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Reading aloud

Celebrating diversity and change all year long

Change is tough. Big things, little things, it’s just not easy for most of us. Nonetheless, change is inevitable. Some change we see immediately, some is more subtle. It’s easy to forget that societal norms are fluid, and that one person can effect great change if they are brave enough to stand up, stand out and work together.

Top 5 ways to make the best of snow days

Those of us on the east coast are bracing for (yet another!) winter storm that promises to close schools for several days and leave parents at home with wet gloves and bored kids! Here are a few suggestions for sprinkling some reading and writing in-between sled rides.

Helping kids communicate emotions through picture books

Even the youngest child communicates her needs and feelings. Just ask a parent. They understand the difference in their infant's cries; some say hurt, hungry, uncomfortable, and on occasion just plain angry. Let's face it; all children come with their own unique temperament and they learn to express how they're feeling one way or another.

What's on your list?

It's holiday gift giving time. I made my shopping easier this year as I decided just about everyone on my list will get lasting gifts — books, of course!

What's baby or toddlerhood without Mother Goose rhymes? So the youngest children will receive one of my favorite, most accessible collections: My Very First Mother Goose (Candlewick) selected by Iona Opie, illustrated by Rosemary Wells.

Don't forget the book on the bed!

This is our family’s fourth year for "a book on every bed," and it's one part of my shopping that I really look forward to!

Board books: Three a day keeps the reading specialist away

That's essentially what I write in every card as I hand over a stack of board books to expectant mom friends: "Three a day keeps the reading specialist away." After a chuckle and a roll of the eyes, my Mom-to-be friends add our tried and true board book titles to the pile of baby gifts and toys. But I'm happy, knowing that those board books will be loved and chewed on for years to come.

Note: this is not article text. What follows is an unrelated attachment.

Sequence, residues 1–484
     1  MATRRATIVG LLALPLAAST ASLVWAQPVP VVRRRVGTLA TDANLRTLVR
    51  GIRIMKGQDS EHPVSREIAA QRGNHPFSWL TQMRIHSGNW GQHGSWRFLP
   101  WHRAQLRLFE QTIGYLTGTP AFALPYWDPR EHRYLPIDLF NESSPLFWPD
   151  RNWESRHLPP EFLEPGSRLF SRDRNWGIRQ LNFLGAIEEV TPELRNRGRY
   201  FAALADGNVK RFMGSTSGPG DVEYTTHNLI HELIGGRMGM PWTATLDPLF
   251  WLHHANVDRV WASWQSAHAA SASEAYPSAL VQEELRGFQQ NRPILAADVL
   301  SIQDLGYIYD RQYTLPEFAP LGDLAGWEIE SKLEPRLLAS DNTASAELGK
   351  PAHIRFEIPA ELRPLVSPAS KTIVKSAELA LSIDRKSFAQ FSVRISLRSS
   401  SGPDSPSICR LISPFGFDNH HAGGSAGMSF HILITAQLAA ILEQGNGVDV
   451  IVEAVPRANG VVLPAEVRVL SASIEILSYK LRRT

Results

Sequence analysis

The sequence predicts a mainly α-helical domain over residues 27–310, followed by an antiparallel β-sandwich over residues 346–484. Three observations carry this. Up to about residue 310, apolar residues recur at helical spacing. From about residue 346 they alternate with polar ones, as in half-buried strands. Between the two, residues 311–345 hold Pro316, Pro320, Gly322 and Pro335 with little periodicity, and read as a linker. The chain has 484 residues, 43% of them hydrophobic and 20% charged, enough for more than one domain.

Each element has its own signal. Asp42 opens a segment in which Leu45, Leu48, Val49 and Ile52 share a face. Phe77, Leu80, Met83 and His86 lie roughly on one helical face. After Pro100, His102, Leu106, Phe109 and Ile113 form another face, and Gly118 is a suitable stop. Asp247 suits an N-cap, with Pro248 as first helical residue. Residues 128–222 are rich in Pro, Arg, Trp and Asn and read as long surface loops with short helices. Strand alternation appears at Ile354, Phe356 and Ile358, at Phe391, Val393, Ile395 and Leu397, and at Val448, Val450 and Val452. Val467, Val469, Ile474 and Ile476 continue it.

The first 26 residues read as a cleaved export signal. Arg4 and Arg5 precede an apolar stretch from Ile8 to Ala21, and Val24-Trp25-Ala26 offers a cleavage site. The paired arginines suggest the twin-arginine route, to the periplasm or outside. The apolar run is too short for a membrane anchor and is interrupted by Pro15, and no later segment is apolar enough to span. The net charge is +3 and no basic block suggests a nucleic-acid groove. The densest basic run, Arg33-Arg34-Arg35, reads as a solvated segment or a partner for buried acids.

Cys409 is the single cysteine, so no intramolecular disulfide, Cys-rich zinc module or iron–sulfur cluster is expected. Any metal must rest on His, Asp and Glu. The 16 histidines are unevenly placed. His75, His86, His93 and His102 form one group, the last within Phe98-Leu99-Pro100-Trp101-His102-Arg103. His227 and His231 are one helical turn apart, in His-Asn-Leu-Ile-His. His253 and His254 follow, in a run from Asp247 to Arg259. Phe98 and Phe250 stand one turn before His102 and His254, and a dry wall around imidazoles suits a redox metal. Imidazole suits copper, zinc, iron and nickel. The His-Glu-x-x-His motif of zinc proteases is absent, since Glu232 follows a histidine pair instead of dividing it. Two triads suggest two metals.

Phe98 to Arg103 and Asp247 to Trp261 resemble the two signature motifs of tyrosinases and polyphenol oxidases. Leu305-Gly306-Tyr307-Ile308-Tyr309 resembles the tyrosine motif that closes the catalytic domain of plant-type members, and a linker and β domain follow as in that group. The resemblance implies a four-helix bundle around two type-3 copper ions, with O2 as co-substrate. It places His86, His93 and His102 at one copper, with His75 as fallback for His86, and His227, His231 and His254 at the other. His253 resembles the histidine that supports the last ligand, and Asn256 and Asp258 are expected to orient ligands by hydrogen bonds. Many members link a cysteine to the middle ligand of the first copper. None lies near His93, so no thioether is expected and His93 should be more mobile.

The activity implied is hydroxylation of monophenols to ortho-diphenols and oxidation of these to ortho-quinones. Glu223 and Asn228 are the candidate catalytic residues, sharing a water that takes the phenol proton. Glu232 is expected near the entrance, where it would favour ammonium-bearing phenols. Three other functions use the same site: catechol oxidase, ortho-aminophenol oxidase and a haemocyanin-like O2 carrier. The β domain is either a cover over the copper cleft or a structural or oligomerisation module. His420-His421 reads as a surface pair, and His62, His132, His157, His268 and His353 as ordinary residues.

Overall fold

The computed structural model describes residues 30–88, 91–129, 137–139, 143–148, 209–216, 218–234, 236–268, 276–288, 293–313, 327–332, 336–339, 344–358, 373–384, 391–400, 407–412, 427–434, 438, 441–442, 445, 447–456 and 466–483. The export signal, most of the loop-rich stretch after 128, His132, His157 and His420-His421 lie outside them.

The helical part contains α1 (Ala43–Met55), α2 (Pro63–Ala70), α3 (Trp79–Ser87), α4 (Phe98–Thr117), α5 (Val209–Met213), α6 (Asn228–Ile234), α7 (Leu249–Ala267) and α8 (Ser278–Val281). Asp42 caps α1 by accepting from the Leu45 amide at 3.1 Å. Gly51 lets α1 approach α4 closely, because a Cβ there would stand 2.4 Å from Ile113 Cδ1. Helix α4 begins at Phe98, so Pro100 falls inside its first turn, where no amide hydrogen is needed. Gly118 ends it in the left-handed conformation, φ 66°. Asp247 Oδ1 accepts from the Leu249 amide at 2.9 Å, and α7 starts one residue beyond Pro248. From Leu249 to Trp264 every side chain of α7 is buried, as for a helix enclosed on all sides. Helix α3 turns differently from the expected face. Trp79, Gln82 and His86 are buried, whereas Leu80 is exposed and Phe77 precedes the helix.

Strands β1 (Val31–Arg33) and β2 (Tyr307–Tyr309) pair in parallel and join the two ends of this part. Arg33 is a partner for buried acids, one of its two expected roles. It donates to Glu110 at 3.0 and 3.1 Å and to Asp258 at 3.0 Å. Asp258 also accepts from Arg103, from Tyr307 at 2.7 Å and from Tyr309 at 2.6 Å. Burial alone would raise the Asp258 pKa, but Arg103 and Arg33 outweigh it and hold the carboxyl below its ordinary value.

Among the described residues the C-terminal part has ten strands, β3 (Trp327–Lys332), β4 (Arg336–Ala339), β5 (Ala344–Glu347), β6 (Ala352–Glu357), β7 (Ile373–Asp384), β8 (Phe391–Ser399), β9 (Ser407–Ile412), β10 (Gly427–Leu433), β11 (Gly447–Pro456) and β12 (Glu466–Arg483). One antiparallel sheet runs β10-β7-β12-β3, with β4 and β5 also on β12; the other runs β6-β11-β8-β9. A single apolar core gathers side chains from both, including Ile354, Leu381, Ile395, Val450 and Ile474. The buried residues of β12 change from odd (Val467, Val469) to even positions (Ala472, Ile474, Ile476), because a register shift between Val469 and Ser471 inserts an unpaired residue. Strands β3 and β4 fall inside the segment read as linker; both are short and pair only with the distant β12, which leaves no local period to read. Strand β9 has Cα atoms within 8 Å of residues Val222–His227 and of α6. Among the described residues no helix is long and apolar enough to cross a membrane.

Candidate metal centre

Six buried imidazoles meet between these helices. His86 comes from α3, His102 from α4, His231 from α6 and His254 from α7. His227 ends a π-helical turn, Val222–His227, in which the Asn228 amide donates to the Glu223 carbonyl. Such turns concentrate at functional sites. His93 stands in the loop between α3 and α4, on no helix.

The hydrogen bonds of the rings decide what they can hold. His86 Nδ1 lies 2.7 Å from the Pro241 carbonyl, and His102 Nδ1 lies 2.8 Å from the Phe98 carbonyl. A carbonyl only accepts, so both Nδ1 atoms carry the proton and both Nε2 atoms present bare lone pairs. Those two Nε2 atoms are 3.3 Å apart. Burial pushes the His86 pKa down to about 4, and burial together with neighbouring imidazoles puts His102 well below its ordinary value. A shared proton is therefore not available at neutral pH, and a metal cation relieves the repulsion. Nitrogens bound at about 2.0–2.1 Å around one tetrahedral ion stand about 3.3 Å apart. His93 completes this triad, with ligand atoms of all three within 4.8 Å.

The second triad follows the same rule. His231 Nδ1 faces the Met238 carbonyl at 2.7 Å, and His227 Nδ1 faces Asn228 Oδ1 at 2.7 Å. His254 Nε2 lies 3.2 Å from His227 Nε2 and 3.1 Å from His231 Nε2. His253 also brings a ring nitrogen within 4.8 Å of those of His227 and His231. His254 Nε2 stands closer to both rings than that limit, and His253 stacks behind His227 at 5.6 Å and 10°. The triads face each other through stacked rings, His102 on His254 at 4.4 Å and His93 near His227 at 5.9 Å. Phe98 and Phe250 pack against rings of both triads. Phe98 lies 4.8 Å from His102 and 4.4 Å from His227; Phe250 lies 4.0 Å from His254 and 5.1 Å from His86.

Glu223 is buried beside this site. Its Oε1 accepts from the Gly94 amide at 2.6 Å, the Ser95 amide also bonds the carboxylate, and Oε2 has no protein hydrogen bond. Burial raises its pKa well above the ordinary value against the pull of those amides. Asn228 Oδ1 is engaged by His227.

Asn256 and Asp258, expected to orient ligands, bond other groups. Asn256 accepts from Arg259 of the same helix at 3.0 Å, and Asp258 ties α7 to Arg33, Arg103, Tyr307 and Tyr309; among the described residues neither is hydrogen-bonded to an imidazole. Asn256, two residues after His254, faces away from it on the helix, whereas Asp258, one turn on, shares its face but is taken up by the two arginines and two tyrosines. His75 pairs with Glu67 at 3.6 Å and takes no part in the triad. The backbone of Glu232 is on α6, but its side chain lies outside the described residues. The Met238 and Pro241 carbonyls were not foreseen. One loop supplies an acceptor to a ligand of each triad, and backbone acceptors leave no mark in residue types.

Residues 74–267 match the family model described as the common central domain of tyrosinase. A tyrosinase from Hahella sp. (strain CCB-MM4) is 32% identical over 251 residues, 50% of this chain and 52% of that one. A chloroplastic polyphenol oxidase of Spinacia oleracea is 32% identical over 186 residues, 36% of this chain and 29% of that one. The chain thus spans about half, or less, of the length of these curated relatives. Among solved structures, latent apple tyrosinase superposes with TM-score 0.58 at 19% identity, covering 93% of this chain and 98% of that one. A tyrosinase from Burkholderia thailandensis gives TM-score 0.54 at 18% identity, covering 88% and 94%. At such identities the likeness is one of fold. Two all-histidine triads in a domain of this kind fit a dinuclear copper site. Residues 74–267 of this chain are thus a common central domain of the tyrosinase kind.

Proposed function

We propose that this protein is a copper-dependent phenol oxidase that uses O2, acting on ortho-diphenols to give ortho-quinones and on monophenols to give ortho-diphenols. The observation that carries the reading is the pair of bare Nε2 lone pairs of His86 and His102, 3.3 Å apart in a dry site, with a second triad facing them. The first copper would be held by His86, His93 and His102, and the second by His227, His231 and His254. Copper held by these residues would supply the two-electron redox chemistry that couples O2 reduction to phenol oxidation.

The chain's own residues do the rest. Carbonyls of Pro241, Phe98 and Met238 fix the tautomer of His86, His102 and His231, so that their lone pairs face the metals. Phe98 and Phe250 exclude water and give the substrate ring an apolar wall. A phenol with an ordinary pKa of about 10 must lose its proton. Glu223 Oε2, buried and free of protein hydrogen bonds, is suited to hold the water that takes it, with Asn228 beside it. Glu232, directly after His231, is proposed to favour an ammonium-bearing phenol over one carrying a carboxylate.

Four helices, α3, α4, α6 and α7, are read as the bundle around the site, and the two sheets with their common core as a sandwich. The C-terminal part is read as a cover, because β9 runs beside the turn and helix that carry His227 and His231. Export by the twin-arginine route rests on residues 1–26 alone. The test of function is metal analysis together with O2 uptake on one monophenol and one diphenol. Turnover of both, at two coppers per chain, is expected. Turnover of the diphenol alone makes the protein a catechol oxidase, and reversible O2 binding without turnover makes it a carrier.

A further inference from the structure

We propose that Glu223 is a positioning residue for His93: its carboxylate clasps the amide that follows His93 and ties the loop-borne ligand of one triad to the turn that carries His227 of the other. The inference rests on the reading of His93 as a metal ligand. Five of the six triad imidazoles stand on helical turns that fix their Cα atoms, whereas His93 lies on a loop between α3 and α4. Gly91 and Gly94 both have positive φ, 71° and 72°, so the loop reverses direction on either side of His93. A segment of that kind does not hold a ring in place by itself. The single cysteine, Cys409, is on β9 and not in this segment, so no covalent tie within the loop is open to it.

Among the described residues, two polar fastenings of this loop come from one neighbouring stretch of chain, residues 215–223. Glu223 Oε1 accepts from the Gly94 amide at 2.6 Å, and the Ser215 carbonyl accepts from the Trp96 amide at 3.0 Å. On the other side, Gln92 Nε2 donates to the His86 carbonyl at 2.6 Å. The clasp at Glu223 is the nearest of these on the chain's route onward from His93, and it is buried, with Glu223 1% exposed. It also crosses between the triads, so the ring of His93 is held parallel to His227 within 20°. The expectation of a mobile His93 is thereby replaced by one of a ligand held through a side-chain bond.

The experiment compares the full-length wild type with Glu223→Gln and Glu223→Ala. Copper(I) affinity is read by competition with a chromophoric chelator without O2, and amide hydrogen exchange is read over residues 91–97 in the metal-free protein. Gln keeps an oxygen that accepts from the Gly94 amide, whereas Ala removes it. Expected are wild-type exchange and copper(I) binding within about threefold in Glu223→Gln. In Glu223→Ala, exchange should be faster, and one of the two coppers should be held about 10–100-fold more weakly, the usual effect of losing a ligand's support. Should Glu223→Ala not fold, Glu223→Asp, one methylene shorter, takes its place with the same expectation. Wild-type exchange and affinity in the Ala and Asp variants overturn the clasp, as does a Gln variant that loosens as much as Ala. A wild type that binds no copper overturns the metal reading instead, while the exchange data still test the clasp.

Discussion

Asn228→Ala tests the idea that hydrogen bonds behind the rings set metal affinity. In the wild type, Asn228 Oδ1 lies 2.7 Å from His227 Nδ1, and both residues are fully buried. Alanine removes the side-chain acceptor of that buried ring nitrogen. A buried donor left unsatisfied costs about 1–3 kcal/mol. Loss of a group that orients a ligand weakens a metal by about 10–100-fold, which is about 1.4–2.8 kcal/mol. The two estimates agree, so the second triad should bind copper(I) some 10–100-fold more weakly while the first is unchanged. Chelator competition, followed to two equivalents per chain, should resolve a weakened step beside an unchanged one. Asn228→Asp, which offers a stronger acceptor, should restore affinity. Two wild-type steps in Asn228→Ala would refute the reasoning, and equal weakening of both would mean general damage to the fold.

Back to school with small gestures

It's the time of year where parents buy lunchbox snacks, kids stuff blank composition books into stiff backpacks, and teachers stand at their classroom door waiting to greet their new class. Happy back to school!

Saccharine or interesting? Thinking about children's books

I heard an entertaining interview with Daniel Handler (who writes as Lemony Snicket of the Series of Unfortunate Events) this week on NPR. Snicket was talking about his newest book, The Dark.

Keep 'em laughing all summer long

Do you ever drag your feet when someone tells you absolutely must do something — especially when it's supposed to be "good" for you? I know I do —and so do lots of young people. Call it human nature. Call it whatever, but foot-dragging can be a real drag on summer learning especially for children who associate books exclusively with school.

Maybe a different approach can help: a carrot rather than the old stick. The potential for a chuckle rather than a push?

Talking with kids about cancer

It's never easy to talk with young kids about tough subjects, like illness and death. Sometimes a children's book can open the door to conversations that need to happen. Books can also help teach new and scary vocabulary words in a gentle way. Last, a book can bring some comfort by helping a child feel less alone. It may help to learn that other kids have a Mom or Dad who is also fighting cancer or another disease.

Pages

"To learn to read is to light a fire; every syllable that is spelled out is a spark." — Victor Hugo, Les Miserables